APPEAL from the Circuit Court of Cook County; the Hon. JAMES
J. MEJDA, Judge, presiding.
MR. JUSTICE ENGLISH DELIVERED THE OPINION OF THE COURT: Offense Charged
Two alternate counts of murder. Ill. Rev. Stat. 1967, ch. 38, par. 9-1(a) (1) and (2). *fn1
Defendant was found guilty of murder by a jury and was sentenced to a term of 16 to 30 years.
Contentions Raised on Appeal
1. The evidence presented at trial was insufficient to established defendant's guilt beyond a reasonable doubt.
2. Defendant was denied a fair trial due to the ineffective assistance of court-appointed counsel.
3. The prosecutor's cross-examination of a defense witness was so prejudicial as to deprive defendant of a fair trial.
Mamie Perkins, for the State:
She is defendant's mother. She shared a third-floor apartment at 4513 S. Indiana with Anthony Guy, a witness for the defense. Living in the other apartments on the third floor of the same apartment building were defendant and Bessie Porter, the deceased.
As far as she could remember, the only other people with her on the third floor of the building at about 8:00 P.M. on March 5, 1968, were Anthony Guy, the decedent, and defendant. She was in her apartment with defendant and Anthony Guy when Bessie Porter came and stood by the door of the apartment. The witness did not speak to her, nor did she overhear any of the conversation between defendant and decedent, but she did notice that the decedent was drunk. Defendant left the apartment, but she could not recall whether or not Anthony Guy also left the apartment. When she later saw defendant in the hall together with decedent, she did not see whether defendant had a weapon in her hand. The witness did not hear the shot, but Anthony Guy told her that Bessie had been shot. She went to the deceased's apartment and saw her lying on the couch. She did not see defendant at that time. She went downstairs, notified the police officers in a nearby squad car that her daughter had killed the decedent, and directed them to the decedent's apartment. She then went to the door of a building across the street, but returned home when she could not locate her daughter.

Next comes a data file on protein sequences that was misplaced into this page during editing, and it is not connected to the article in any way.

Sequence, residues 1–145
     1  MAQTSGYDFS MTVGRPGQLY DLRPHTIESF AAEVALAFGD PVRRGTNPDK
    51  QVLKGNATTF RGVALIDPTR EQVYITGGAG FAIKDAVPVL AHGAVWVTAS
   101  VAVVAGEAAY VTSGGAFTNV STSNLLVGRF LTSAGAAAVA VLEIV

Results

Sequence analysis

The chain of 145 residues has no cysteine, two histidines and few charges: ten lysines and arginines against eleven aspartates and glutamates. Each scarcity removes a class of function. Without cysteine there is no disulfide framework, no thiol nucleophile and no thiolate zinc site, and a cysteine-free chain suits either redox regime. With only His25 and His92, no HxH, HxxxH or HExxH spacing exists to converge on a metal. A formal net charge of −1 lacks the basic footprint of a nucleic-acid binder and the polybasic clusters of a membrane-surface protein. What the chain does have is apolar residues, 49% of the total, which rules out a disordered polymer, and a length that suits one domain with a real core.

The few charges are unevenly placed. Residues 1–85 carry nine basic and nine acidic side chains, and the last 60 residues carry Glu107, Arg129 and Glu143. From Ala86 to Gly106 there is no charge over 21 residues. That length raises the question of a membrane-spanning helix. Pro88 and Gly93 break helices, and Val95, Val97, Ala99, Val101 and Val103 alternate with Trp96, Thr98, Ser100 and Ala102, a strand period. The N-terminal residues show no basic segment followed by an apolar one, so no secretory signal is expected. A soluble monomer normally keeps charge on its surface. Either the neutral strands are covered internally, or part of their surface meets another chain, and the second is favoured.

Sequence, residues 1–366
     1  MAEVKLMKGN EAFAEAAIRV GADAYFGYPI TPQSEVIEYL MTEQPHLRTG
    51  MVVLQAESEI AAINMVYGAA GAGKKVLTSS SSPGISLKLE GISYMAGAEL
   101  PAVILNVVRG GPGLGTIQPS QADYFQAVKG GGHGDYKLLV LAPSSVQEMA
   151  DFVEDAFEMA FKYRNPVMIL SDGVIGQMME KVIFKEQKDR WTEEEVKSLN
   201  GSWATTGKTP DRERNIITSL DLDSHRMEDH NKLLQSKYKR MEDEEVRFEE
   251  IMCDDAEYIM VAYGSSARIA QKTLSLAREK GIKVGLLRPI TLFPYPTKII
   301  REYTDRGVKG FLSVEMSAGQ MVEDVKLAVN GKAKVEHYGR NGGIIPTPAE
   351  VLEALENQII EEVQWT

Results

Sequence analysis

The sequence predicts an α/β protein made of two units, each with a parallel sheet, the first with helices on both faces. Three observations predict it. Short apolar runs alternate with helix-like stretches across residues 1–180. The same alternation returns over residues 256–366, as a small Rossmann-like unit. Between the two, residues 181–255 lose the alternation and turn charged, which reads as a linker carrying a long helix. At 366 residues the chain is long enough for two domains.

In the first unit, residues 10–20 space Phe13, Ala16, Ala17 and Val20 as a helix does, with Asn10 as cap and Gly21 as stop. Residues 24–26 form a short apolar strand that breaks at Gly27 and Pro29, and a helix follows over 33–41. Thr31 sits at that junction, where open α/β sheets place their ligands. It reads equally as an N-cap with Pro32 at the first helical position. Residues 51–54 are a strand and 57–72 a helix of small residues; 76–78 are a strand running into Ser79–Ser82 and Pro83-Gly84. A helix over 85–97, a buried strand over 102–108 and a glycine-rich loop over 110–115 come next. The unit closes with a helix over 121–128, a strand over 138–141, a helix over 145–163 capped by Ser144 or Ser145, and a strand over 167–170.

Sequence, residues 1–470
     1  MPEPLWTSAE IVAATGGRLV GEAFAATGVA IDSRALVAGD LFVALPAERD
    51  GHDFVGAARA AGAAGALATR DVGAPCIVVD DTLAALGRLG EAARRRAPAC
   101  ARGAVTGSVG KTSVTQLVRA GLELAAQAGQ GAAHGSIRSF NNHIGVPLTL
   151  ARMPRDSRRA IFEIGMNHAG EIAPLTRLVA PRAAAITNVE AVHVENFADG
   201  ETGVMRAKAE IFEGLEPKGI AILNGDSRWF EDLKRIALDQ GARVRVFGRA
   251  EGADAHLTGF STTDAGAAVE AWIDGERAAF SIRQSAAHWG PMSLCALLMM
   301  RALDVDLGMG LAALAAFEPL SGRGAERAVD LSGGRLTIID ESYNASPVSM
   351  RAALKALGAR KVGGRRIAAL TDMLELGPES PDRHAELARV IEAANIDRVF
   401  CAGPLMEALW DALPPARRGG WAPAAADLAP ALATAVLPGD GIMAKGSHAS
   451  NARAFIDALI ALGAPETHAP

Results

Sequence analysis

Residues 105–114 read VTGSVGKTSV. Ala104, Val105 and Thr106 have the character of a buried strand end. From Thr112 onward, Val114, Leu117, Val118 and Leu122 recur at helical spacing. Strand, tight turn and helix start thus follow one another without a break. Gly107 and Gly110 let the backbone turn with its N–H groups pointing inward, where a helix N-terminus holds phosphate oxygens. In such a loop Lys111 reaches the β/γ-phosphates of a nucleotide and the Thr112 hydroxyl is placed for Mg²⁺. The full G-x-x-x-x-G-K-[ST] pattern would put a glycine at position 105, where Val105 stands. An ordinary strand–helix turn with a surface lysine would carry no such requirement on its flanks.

George Greenlee, for the State:
He has been a police patrolman for approximately seven and one-half years. At about 7:15 P.M. on March 5, 1968, he and his partner, Patrolman Nealis, went to 4534 S. Indiana in response to a call regarding lost property. Upon arriving at that address, they spoke to Mrs. Emma Simms and to defendant, Mrs. Simms' daughter-in-law, about a missing derringer pistol. Mrs. Simms believed that her pistol had been taken by Bessie Porter's son. Defendant took both officers across the street to 4513 S. Indiana to point out Bessie's apartment. Defendant was present when Bessie denied that her son had taken the gun. As all four were recrossing the street to the Simms' apartment to settle the matter, Bessie saw defendant's six-year-old son playing in the street and admonished defendant for drinking instead of looking after her son. Defendant became angry, and the officers had to quiet her down. Upon returning to the Simms' apartment, there were more ...